Insurance claims: The travails of citizen Obuseh

Insurance
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February 26, 2006/punch

 

 

 

Quite a number of people, including chief executives of insurance companies and yours sincerely, had criti- cised the timing of the current reforms in the sector. The Chief Emmanuel Chukwulozie-led National Insurance Commission (NAICOM) was particularly accused of being in a hurry to clone similar reforms in the banking industry.


The reforms had, indeed, ruffled some feathers. Several questions were raised. Some of the insurance operators had argued that a good insurance firm does not need to bother itself with a huge shareholders’ fund before it can meet its obligations as at when due. The argument was that what insurance firms needed to do to put smiles on the faces of their clients in times of trouble and sorrow, was to pool resources with other parties including the reinsurance firms.


But apparently drawing a profound inspiration from the success of the reforms in the banking sector, the Commissioner for Insurance told me in an encounter with him late last year, that nothing would stop the ongoing of reforms which are designed to rid the industry of charlatans and non-conformists to the laid down rules.

Whoever has any cause to criticise the commissioner over his resolve to implement the reform agenda needs to listen to the tale of woes of citizen Edward Obuseh. The pathetic story of Obuseh, who has a policy with one of the insurance firms jostling for relevance in the present dispensation, has vindicated those saying that although the Nigerian insurance industry could boast of highly experienced and thoroughbred professionals, the industry is replete with some operators who are anything but honest.


I was supposed to be a guest of the Managing Director of an insurance company, which has its head office in Ikoyi, Lagos, on Tuesday, February 21, 2006. I had to wait endlessly at the reception because I was told that my host was busy. About 40 minutes later, the company’s premises was besieged by a group of court bailiffs, including some armed policemen. Their mission was to effect a court judgement against the insurance firm.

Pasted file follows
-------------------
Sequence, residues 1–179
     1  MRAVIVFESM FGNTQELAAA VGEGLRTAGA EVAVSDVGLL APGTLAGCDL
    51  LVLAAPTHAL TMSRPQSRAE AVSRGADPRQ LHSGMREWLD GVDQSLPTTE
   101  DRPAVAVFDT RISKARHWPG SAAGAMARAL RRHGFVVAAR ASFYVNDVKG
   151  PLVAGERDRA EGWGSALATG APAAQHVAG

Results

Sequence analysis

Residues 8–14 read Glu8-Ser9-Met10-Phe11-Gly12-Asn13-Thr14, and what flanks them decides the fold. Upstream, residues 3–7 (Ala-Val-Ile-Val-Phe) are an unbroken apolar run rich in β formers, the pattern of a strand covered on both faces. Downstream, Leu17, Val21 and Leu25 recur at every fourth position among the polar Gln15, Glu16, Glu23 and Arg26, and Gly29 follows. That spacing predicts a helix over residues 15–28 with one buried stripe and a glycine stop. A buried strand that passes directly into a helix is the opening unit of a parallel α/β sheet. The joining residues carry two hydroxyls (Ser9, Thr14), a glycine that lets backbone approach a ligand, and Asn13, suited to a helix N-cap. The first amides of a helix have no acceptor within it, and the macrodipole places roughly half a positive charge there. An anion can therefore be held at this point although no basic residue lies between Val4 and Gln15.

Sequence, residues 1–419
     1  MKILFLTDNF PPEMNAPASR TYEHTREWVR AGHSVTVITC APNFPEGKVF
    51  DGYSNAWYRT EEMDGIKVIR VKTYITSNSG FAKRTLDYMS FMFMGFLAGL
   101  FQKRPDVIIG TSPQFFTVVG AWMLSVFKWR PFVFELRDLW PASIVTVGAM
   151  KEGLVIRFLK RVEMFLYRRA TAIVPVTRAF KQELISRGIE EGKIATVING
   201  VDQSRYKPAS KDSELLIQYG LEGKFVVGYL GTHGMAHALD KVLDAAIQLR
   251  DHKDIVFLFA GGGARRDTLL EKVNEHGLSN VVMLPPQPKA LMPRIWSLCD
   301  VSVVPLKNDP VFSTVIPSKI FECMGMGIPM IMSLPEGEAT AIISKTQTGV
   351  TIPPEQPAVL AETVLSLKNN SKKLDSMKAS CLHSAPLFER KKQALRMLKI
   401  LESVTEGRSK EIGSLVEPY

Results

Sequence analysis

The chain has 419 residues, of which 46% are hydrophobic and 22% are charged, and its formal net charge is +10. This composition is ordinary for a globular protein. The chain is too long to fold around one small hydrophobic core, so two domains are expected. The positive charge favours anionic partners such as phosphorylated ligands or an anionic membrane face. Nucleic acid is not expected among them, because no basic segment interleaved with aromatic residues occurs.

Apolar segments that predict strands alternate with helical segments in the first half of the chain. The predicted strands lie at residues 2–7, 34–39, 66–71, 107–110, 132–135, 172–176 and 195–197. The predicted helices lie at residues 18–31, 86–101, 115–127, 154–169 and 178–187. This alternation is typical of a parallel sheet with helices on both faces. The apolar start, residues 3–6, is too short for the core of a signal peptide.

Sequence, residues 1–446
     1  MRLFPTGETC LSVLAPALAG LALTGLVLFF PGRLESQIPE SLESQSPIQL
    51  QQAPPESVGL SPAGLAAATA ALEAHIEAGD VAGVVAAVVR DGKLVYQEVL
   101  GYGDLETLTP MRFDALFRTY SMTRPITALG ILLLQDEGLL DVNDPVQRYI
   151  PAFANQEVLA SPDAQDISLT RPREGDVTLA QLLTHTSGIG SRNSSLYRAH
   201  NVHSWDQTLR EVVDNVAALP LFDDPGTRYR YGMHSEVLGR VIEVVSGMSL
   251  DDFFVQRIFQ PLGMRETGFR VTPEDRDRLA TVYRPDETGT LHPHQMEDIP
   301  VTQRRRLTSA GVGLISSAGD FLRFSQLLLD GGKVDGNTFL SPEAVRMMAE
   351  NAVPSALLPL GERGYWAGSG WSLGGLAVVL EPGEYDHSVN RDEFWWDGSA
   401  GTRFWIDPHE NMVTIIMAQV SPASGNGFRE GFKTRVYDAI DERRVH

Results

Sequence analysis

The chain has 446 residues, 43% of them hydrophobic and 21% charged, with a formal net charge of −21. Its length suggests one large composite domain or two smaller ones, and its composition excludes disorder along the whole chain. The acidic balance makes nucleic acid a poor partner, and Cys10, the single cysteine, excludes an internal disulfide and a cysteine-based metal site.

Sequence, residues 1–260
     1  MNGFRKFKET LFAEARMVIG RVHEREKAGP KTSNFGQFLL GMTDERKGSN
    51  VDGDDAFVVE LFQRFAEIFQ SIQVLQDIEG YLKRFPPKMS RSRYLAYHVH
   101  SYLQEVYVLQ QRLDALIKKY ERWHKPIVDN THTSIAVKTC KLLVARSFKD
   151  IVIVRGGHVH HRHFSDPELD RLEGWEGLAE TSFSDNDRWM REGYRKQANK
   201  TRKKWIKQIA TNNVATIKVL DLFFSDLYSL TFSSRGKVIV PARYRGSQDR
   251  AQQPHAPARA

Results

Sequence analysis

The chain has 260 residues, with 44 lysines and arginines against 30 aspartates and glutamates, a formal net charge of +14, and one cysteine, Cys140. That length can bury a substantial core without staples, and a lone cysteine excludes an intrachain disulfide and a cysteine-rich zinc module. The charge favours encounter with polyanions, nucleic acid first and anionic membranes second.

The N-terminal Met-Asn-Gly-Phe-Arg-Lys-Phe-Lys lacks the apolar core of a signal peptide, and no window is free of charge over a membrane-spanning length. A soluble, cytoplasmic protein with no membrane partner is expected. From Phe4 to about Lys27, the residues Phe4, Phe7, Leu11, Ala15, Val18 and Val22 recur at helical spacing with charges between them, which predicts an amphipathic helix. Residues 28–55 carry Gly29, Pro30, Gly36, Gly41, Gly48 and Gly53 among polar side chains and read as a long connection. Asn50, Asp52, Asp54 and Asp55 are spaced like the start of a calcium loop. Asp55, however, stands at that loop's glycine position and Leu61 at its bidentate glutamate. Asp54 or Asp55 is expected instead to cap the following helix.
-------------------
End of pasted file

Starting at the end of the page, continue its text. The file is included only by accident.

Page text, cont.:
Having waited for what seemed an eternity, I became nervous and the journalist in me prompted me to listen to the story as told by Obuseh and punctuated by his lawyer. Obuseh, whose company deals in haulage business, explained that trouble started when the goods he was conveying to the Northern part of the country, on behalf of a food manufacturing firm, were stolen by thieves. According to him, he quickly notified his insurance firm for compensation. He lamented that the insurance company, had, till date, refused to perform its role as risk bearers. He claimed that even, in spite of a judgement on September 9, 2002, against the insurance company, the claims were not settled.


“After much persuasion by the company, my lawyer decided to reduce the claim from N11.5million to N10million,”Obuseh stated, adding that instead of redeeming the N10million, the insurance firm headed for the court to fight the claims, but the suit was thrown out on August 1, 2003. Responding to the allegation, the image maker of the company, which lost the final legal battle at the Supreme Court on February 8, 2006, accused the customer of over-dramatising the problem. Obuseh had claimed that he has lost a contract with the beverage firm for his failure to pay for the goods lost in transit. At the end of the day, the company failed to convince me that it was serious and ready to wipe the tears of the unfortunate client with whom it played the hide-and-seek game for over three years.

Tension was still rising by the time I left the scene as the combative bailiffs engaged some officials of the company in a war of words. The appointment with the MD was also cancelled because the chief executive was said to have lost the right frame of mind to grant any interview.

One may, to some extent, agree with the defaulting firm that Obuseh’s case was being over dramatised, but the fact remains that all is not well with the insurance industry. This is one of the reasons why the regulatory authorities appeared unyielding in their resolve to push the reforms. Can the confidence of the public be sustained with the way some companies continue to renege on their promises with impunity? Time will certainly tell.

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